‘Designing Strategies’ newsletter
March – April, 2017 Volume 14 – Issue 76
There are eight important management factors identified by Neil C. Churchill and Virginia L. Lewis in the Harvard Business Review. They apply equally to any small business start up. Four of the factors apply to the business owner. The other four apply to the small business itself. Their research noted factors that affect both the small business owner and the business entity itself. Those factors are as follows:
Important Management Factors for the Business Owner
Personal and Business Goals
Without specific, clear cut goals, a small business owner is aligned with failure. With nothing specific to aim for, strategies and tactics can be pointed in too many directions. With no set goals, there is no target to aim for. Setting strategy is followed close behind by allocating resources to achieve goals. Operational budgets are set to assign appropriate staffing, time and funding to achieve tactics. With tactics going in all different directions, the resources are being wasted. Strong business owners/leaders need to work hard to assure that their planning and direction don’t go awry.
Operational Capabilities in Various Important Business Activities
There are a number of operational functions that go with every business. Some align with administration and operations. Others align with finance, and yet others to your products and services. For instance, activities related to your products and services might be: manufacturing, marketing, distribution and sales. These all relate to creating revenue for the company.
Administrative capabilities would include factors like planning, creation of budgets, human resources and customer service. Financial are pretty simple: regulating cash flow, bookkeeping, investing, accounts payable and accounts receivable. Needless to say, it is critical for leaders/owners to assign these tasks to the best possible managers.
Managerial Skills and Willingness to Delegate
Leaders must know how to manage their staff and delegate work. It is impossible for an entrepreneur to do everything alone. The first few hires must be qualified people with the ability to take on a sector of the business and build it. With these skills and willingness to delegate, the owner will have time to do necessary work ‘on’ the business.
Entrepreneurs often find it difficult to give up any control over the various important factors of their business. Without loosening the reins, their company will not develop and grow. It will stagnate at some point until the owner realizes that delegation is imperative to move the company forward.
Strategic Ability to Look Beyond the Present
Successful business entities require that leaders have the ability to look into the future. If a small business operates totally in ‘today’, chances for failure increase. Understanding what may be coming at your business at some point down the road is extremely important. Allowing your firm to be blind-sided by unexpected changes can be the death knell you were not expecting. The same goes for unexpected outside influences. Being flexible and well prepared are necessities for a small business to grow and succeed.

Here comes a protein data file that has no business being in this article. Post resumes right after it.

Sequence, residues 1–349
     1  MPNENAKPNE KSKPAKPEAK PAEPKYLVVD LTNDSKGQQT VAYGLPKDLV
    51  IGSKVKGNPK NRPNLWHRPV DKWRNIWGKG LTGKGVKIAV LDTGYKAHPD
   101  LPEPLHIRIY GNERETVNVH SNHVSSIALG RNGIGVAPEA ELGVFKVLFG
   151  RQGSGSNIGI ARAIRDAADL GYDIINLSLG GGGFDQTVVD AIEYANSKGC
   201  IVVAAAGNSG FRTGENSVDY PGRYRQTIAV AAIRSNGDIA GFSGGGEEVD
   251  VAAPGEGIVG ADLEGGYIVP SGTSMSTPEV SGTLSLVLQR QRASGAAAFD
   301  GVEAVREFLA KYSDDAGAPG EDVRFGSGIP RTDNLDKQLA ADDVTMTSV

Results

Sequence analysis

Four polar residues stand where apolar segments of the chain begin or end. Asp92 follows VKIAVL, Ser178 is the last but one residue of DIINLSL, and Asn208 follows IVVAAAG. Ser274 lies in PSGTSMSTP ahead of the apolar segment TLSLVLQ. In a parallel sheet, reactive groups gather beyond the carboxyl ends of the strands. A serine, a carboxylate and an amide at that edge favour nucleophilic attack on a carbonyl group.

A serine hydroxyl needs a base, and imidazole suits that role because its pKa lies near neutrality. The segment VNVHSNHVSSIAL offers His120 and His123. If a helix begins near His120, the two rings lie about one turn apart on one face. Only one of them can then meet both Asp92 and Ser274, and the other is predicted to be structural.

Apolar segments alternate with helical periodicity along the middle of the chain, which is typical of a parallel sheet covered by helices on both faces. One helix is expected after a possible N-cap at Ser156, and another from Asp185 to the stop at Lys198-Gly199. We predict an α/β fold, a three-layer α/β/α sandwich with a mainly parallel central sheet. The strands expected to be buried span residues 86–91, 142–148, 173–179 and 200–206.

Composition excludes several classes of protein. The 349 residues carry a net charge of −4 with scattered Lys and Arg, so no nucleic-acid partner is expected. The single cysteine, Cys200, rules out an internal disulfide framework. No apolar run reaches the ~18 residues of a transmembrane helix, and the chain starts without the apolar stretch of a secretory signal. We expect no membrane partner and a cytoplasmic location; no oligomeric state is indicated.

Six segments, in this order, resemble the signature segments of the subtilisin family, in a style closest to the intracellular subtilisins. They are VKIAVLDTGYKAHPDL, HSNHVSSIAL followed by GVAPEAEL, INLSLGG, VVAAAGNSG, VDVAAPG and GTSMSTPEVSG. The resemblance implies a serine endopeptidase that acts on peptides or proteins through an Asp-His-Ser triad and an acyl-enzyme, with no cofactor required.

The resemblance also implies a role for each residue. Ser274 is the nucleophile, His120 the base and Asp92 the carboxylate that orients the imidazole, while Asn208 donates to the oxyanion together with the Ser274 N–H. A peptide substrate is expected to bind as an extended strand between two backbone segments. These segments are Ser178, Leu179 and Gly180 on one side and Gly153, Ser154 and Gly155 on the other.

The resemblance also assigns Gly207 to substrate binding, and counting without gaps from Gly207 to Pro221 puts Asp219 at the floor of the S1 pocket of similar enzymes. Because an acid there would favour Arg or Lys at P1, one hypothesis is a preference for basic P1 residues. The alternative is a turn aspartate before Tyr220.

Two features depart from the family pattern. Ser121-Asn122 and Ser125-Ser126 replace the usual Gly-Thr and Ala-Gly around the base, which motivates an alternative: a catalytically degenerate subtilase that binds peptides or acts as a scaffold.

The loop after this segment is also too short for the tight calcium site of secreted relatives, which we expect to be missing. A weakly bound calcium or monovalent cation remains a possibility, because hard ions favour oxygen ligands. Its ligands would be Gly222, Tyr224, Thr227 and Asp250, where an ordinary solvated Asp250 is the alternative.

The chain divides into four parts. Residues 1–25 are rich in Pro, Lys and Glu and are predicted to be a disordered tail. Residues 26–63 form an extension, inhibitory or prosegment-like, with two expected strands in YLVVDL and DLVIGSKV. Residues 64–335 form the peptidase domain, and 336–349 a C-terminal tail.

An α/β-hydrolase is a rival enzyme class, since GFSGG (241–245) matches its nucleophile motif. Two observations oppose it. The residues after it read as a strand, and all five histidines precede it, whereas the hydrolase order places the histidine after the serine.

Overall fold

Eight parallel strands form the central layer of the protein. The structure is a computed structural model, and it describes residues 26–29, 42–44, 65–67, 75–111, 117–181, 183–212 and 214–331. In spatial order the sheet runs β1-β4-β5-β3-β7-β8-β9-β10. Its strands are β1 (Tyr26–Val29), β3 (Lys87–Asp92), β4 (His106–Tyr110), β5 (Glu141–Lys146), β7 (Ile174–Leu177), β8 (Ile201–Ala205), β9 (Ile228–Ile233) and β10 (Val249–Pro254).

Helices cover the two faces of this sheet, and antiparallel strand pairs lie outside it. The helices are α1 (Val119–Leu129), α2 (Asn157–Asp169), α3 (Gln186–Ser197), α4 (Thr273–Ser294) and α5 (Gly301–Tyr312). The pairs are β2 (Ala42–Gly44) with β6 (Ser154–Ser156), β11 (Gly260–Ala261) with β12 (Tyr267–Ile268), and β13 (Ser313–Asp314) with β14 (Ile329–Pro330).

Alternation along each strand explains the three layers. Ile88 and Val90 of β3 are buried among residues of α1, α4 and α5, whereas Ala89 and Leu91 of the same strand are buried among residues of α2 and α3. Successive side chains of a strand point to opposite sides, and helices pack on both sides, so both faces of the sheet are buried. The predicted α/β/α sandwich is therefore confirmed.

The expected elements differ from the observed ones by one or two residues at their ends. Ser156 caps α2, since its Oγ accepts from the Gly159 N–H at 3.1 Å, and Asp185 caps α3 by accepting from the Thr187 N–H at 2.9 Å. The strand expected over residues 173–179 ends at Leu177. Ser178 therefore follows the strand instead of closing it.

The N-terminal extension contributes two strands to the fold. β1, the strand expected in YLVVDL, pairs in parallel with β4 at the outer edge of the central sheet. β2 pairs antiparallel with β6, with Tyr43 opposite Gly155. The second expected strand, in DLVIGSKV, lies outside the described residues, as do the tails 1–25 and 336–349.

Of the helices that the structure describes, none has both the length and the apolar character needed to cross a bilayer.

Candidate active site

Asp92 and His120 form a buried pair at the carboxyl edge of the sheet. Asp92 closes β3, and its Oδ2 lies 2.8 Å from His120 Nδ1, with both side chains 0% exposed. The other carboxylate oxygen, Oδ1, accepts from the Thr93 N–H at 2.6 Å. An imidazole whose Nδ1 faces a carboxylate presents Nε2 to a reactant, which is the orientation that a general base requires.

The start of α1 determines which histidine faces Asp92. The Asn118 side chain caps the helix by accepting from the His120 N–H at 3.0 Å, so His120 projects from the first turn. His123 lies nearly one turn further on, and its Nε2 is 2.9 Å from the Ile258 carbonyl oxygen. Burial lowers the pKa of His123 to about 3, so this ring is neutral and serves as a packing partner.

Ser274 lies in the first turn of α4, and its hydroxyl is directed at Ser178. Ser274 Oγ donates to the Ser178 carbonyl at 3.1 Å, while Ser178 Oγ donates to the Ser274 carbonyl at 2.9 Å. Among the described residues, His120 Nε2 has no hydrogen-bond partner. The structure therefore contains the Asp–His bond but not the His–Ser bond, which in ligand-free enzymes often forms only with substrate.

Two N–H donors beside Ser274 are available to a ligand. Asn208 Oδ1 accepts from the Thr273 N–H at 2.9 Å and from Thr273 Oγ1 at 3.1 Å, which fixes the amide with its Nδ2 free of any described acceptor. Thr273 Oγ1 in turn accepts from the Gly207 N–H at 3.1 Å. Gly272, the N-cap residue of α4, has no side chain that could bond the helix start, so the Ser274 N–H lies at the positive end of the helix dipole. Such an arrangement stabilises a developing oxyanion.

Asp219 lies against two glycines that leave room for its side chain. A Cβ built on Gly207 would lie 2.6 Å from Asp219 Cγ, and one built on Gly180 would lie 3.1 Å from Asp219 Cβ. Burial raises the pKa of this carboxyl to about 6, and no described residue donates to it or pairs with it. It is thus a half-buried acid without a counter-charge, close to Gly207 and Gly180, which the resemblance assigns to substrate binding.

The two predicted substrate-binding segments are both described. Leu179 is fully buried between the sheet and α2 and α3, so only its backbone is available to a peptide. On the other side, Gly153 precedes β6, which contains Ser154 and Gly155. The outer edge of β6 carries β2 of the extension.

Important Management Factors for the Business Entity
It is no secret that large numbers of start-ups fail within five years or less. One of the key reasons for this is a lack of sufficient capital. Companies either need to have sufficient cash on hand or cash flow. And, they need to have the ability to borrow funds if cash gets low or slow coming in.
As mentioned earlier, it is important that owner/entrepreneurs hire high quality people for management positions in the early phases of growth. If you find and can get Rock Stars for these positions, grab them! These managers need to keep their direct reports motivated and on track. It is very important to hire enough good employees to complete the work required by all of the sectors covered by these management factors. And, it is equally important to hire in depth as well. A small business needs to assure training for future leaders happens on the job for potential new positions that will develop.
Sophistication of Systems
For a small business to grow and succeed, it is necessary to put systems and procedures in place to standardize every function of the business sectors. Employees will come and go. With standardized systems in place, replacement staff will be able to pick up the job faster and do it exactly the way it was done.
Build relationships with all company stake holders: customers, suppliers, manufacturers and distributors to name a few. Even outsourced relationships with other stake holders like technology and equipment providers, or payroll providers must be taken seriously. Much of your company’s reputation is based upon these important relationships. For this reason, all of these relationships are critical to your company’s success and must be strong to assure that everyone in the game is well treated.
You might ask: ‘Which of these important small business factors can we ignore?’ None of them! Every one of these factors is important. Every single one of them represents an equally important piece of your company and it’s chances for success. Without giving each one the same level of attention, your firm reduces it’s opportunity to succeed.
Understanding and managing these factors is important to the smooth day-to-day operation of your business. All play a key role in keeping cash flowing freely into and out of your firm. Understanding them and the places they hold in your overall plan for business success is imperative for every owner and leader. If your personal and business goal is to start and operate a successful small business, wrap your mind around these eight important business factors and be sure they are working.